by David Safier
When Dr. David Alberts' employment with Great Hearts charter schools was terminated in 2009, he signed a non-disclosure agreement, then in spite of the agreement, he wrote a book about the charter school chain. I must say, I'm bothered by the idea that a public charter school funded by taxpayers would forbid an ex-employee from telling what he knows. I can understand non-disclosure agreements for current and former employees of the CIA and the FBI, but not for a public school.
It's especially ironic to see a school that is part of the "school choice" movement keeping information out of the hands of parents who could use the information to make an informed choice about whether to enroll their children in that school.
Dr. Julian Vasquez Heilig, an Asst. Prof of Educational Policy and Planning at the University of Texas, put Alberts' book, It’s All About the Information: What Great Hearts Academies Doesn’t Want You to Know, on his Cloaking Inequality blog. Shortly after, he received an email from Great Hearts requesting he remove the book because it "is itself a violation of law." That's true, or it was at one time. According to Vasquez Heilig,
It appears that Dr. Alberts took a cash payment and signed a confidentiality agreement when he left Great Hearts Academies (Does this sound strangely similar to how corporations function?). He was naughty and wrote a book about Great Hearts instead. Great Hearts took him to court.
But Dr. Vasquez Heilig contacted the Maricopa Superior Court and found out the case against Dr. Alberts was dismissed in 2010. And so he writes:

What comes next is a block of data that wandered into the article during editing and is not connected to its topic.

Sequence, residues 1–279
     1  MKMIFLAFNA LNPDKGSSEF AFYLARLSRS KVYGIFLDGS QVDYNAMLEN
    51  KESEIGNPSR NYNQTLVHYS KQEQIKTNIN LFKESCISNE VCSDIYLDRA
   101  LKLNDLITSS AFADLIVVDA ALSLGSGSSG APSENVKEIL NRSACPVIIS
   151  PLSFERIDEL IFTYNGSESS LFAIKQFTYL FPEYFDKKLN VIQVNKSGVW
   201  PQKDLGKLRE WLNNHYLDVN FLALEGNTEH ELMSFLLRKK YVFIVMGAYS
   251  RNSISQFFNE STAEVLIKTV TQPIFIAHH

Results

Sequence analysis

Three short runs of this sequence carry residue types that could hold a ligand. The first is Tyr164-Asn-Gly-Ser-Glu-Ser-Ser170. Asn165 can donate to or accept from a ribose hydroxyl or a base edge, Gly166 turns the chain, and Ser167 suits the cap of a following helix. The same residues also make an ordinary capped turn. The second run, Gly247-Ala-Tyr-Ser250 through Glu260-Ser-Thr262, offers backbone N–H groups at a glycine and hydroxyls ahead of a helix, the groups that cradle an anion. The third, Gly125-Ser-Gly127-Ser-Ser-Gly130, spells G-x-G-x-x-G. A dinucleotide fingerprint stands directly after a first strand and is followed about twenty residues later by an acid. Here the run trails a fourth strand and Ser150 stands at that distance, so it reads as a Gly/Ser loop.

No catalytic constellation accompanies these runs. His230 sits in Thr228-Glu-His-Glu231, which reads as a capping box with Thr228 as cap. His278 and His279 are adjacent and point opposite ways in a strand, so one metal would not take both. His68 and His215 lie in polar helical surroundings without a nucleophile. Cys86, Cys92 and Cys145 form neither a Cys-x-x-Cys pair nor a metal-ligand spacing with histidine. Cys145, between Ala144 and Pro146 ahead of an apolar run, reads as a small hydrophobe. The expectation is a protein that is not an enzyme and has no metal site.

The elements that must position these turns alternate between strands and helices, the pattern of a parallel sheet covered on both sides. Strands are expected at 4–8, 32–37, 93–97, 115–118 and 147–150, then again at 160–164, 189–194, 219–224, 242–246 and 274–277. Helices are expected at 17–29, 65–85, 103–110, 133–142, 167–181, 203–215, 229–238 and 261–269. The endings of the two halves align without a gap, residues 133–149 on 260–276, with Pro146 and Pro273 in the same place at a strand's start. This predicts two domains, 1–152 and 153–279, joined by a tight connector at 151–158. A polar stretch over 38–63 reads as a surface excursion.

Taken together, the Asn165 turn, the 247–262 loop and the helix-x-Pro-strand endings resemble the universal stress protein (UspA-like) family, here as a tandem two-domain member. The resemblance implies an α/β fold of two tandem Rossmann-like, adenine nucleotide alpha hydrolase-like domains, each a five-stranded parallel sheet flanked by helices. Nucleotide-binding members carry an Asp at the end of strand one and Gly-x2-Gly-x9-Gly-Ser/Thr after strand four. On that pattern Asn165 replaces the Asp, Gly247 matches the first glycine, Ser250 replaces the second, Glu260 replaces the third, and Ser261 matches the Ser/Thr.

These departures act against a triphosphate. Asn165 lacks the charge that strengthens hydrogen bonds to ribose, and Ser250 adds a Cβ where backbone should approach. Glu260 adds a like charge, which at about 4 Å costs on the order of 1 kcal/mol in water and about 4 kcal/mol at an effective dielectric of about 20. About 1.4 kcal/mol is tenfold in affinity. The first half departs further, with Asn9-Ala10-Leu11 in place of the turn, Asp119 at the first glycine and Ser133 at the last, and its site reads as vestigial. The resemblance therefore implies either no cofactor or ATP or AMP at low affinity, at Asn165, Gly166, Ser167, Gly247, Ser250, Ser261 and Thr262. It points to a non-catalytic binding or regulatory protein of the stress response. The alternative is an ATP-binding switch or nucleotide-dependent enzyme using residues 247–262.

I am citing this book as an important part of my academic research on charter schools which is directly related to my scholarship and regular duties at the University of Texas at Austin.
Dr. Alberts' document has some interesting things to say about Great Hearts. Much of it is about his problems with the way Great Hearts operates and the way it educates its students. None of it puts a dagger through the heart of the charter school chain. But for an outsider like me, it presents some interesting history about Great Hearts and about what it sees as its educational mission. Simply because it's critical of the charter school chain is no reason it should be banned from public view.
Great Hearts' desire for secrecy points to yet another of many problems with the privatization of education. Our schools should be as transparent as possible so the taxpayers who fund them know both the good and the bad of what's going on and can work to improve them.